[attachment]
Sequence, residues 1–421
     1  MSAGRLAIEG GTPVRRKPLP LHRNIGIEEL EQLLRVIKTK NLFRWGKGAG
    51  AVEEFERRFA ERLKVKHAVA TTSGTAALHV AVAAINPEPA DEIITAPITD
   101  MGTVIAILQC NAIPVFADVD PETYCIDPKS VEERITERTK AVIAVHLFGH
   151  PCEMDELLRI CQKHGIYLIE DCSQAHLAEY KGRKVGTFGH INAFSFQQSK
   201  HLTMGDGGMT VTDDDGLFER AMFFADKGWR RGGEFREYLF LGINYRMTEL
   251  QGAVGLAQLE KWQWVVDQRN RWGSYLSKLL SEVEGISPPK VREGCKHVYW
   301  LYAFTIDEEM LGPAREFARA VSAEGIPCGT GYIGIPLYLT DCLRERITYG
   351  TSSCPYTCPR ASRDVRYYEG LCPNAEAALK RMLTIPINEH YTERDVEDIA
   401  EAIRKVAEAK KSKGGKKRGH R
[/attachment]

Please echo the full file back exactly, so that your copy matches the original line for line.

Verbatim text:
Sequence, residues 1–421
     1  MSAGRLAIEG GTPVRRKPLP LHRNIGIEEL EQLLRVIKTK NLFRWGKGAG
    51  AVEEFERRFA ERLKVKHAVA TTSGTAALHV AVAAINPEPA DEIITAPITD
   101  MGTVIAILQC NAIPVFADVD PETYCIDPKS VEERITERTK AVIAVHLFGH
   151  PCEMDELLRI CQKHGIYLIE DCSQAHLAEY KGRKVGTFGH INAFSFQQSK
   201  HLTMGDGGMT VTDDDGLFER AMFFADKGWR RGGEFREYLF LGINYRMTEL
   251  QGAVGLAQLE KWQWVVDQRN RWGSYLSKLL SEVEGISPPK VREGCKHVYW
   301  LYAFTIDEEM LGPAREFARA VSAEGIPCGT GYIGIPLYLT DCLRERITYG
   351  TSSCPYTCPR ASRDVRYYEG LCPNAEAALK RMLTIPINEH YTERDVEDIA
   401  EAIRKVAEAK KSKGGKKRGH R